Q: What do Iowans need to know about protecting themselves from the coronavirus?
A: As the global outbreak reaches across the United States, the novel coronavirus is impacting public health and the economy as efforts to mitigate the spread of infection disrupt daily life, work, school, travel and consumer spending. Congress passed an emergency $8.3 billion spending bill to accelerate development of coronavirus vaccines, treatments and tests, purchase medical supplies and provide federal grants for prevention and preparedness efforts implemented by state and local health departments. The Centers for Disease Control and Prevention (CDC) issued guidelines regarding COVID-19, the infectious disease caused by this new coronavirus. According to the CDC, older adults and people who have underlying, chronic health conditions, such as cardiovascular disease, are at higher risk for more serious complications. First and foremost, all Americans should take simple, preventative measures to protect themselves and their loved ones, including frequent handwashing, avoid touching one’s face and shaking hands, use precautions when touching high-contact areas like door pulls, and regularly disinfect surfaces. Check the White House Coronavirus Task Force guidelines on specific steps that will help curb the spread of coronavirus and other respiratory infections in your home, workplace and community.
Q: What should Iowans know about scams related to the coronavirus?
A: Unfortunately, the coronavirus outbreak also has created an opportunity for bad actors to take advantage of the situation. A number of deceptive tactics underway pose harm to consumers’ privacy, pocketbooks and public health. The Federal Trade Commission (FTC) and Food and Drug Administration (FDA) recently warned several companies against “deceptive” claims about products marketed as coronavirus treatments that put patient health at risk and violate federal law. The federal agencies advise consumers that currently there are no approved vaccines, drugs, pills, potions, lotions, lozenges or any over-the-counter products or prescribed medications to treat or prevent COVID-19. During natural disasters and disease outbreaks, fraudsters come out of the woodwork to prey on public fears. Just as sure as the sun rises in the east, bad actors pounce at the opportunity to rip off consumers and pitch false claims for products and unproven cures. It happened during the Zika, Ebola, and SARS outbreaks, and it’s happening again with COVID-19. If a miracle cure or treatment sounds too good to be true, follow your gut instincts. Online shopping platforms are ripe for predatory pricing and counterfeit products, such as safety masks and latex-free gloves that unlawfully promise to prevent coronavirus. From my leadership positions on the Senate Judiciary Committee and the Senate Finance Committee, I’ve worked to protect consumers from counterfeiters who use e-commerce to sell fake goods and products. Counterfeit products sold online or on the shelf using deceptive labels claiming to prevent, treat or cure coronavirus effectively pick people’s pockets and pose harm to consumer safety. Use caution to protect your health and wallets.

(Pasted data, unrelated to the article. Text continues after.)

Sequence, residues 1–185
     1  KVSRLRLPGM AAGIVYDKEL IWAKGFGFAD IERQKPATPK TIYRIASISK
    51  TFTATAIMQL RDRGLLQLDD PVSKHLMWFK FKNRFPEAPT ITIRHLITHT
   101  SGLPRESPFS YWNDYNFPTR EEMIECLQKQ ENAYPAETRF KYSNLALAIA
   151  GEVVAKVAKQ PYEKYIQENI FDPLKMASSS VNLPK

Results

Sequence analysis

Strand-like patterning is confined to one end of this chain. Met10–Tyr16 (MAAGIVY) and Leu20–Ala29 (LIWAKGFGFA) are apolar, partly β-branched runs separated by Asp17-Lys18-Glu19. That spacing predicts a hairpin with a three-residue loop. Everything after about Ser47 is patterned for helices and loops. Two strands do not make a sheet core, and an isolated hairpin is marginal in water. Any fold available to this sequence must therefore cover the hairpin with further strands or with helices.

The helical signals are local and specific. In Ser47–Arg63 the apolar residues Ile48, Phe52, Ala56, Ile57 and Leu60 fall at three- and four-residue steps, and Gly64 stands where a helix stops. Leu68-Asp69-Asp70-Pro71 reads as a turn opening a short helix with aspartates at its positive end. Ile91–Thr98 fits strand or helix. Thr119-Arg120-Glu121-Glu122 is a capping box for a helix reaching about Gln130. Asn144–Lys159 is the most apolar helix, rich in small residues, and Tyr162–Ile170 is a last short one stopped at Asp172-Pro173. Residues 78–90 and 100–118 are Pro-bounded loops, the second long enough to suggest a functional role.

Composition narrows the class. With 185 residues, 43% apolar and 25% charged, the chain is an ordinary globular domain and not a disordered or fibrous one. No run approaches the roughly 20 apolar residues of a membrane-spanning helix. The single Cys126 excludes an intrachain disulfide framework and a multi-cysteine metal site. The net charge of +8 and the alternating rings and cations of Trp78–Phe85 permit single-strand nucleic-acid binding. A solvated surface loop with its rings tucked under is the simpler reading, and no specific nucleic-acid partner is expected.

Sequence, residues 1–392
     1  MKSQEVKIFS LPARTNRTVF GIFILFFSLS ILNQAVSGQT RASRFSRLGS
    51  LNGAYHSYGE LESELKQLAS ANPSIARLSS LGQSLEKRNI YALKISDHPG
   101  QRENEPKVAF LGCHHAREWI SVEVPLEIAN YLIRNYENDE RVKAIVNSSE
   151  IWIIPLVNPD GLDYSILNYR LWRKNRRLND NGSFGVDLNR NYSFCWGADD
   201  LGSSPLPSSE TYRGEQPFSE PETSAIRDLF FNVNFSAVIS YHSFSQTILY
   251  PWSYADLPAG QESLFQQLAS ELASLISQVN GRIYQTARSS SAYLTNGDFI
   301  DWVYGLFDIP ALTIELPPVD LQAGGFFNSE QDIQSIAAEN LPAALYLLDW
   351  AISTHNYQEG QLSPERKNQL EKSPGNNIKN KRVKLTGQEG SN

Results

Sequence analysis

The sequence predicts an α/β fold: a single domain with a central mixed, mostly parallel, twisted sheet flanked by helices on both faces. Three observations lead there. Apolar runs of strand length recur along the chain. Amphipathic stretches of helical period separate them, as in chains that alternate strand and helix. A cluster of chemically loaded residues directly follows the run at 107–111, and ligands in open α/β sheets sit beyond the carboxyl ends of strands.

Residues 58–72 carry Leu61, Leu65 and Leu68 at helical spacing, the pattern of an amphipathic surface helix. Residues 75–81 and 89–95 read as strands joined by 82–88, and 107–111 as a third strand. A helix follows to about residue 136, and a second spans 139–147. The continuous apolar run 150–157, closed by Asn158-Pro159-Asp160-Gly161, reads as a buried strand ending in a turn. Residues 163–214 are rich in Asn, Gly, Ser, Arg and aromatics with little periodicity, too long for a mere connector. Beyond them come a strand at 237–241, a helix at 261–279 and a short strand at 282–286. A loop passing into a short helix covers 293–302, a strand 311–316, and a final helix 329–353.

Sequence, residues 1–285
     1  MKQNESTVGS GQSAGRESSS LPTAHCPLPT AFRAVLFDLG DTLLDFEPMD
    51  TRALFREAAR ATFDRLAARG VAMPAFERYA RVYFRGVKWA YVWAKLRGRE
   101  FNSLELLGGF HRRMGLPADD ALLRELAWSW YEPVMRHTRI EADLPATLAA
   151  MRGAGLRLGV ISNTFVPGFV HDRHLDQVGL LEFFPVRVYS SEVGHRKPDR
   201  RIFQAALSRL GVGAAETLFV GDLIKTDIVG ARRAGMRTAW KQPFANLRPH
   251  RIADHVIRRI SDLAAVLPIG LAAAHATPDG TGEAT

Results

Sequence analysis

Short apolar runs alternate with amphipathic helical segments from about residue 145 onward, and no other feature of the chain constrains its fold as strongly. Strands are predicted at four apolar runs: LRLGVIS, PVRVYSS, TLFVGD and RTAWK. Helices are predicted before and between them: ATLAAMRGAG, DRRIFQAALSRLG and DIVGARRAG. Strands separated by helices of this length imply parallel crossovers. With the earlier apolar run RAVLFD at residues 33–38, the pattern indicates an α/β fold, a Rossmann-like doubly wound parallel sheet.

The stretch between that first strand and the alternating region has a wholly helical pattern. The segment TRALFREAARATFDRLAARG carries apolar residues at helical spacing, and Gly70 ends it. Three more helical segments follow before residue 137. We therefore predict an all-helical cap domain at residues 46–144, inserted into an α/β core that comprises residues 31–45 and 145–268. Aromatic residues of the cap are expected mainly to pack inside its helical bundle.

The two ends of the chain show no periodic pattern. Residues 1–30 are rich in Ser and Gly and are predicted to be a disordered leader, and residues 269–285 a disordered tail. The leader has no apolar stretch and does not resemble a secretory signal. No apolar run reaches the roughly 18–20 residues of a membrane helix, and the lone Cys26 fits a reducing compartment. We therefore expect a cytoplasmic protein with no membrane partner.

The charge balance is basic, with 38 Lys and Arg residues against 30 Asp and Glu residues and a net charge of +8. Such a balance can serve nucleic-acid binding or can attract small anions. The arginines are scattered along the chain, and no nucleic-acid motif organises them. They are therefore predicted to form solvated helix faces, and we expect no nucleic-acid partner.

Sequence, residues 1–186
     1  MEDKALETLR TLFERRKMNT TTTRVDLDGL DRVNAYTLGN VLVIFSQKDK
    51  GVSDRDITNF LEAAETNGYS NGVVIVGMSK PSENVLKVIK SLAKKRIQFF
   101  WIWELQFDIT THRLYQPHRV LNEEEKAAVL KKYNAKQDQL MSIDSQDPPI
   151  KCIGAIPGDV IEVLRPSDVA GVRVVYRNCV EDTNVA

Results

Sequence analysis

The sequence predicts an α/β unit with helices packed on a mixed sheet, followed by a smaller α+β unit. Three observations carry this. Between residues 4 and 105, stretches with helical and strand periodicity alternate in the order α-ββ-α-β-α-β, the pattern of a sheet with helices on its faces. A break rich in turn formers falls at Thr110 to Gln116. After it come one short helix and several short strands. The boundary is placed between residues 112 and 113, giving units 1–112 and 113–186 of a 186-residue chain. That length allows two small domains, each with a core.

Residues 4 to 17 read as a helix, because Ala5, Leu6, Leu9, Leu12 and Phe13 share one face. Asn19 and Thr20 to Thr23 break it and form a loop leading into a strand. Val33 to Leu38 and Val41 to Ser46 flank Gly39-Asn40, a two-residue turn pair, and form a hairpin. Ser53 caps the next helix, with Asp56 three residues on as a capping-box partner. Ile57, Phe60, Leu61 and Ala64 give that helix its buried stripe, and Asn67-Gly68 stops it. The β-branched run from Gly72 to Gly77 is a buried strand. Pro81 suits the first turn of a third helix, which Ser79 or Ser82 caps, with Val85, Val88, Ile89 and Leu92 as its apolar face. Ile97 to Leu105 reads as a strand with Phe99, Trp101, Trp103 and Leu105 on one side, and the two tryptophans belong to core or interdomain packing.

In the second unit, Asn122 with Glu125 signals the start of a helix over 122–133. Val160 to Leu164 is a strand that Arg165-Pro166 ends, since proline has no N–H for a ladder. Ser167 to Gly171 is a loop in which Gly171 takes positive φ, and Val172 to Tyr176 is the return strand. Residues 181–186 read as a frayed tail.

Businesses who unlawfully profit by exploiting public fear during this public health emergency are being put on notice. In Iowa, Gov. Kim Reynolds declared a state of disaster emergency that triggers price-gouging rules. That means businesses that raise prices unreasonably above a normal range of commerce prior to the emergency may face liability for price gouging at the discretion of the Iowa Attorney General. Price gouging applies during the declared emergency and for up to six months following. To file a complaint about price gouging, contact the Consumer Protection Division at www.iowaattorneygeneral.gov, or call (515) 281–5926, or email [email protected].
Further, the FTC advises consumers to be vigilant when making charitable contributions, including crowdfunding sites. Avoid making cash donations, including gift cards or wiring money. Iowans can donate wisely and avoid charity scams by checking FTC guidelines here.
Be wary and weed out misinformation. Notably, emails are ripe for abuse. Cyber thieves deploy tactics to steal personal data and sensitive information using phishing emails. They trick recipients to click a link or open an attachment that may result in downloading malware on your computer. Fraudsters may claim to be from the CDC or offer local information about the disease concerning your community or school district. As a general rule, do not click on unsolicited links.
Be alert to investment scams. The U.S. Securities and Exchange Commission (SEC) has warned Americans about substantial potential for fraud with online promotions and claims that products or services of publicly-traded companies can prevent, stop or cure the coronavirus. As with any investment, the SEC advises Americans to do their homework and keep in mind fraudsters who look to exploit the latest crisis for profit. Scam artists often target the elderly for their schemes. As then-chairman of the Judiciary Committee, I led passage of a new federal law signed by President Trump in 2017 to enhance protections and prosecution for these crimes. Among other measures, it established an elder justice coordinator in the FTC and U.S. Department of Justice (DOJ). In March, the DOJ launched a National Elder Fraud hotline to provide assistance and services to older citizens who may be victims of financial fraud. When appropriate, case managers will report suspected fraud to the FBI on the caller’s behalf. To report financial fraud involving an older citizen, call the DOJ’s elder fraud hotline at (833) 372–8311.
Check my website for coronavirus updates.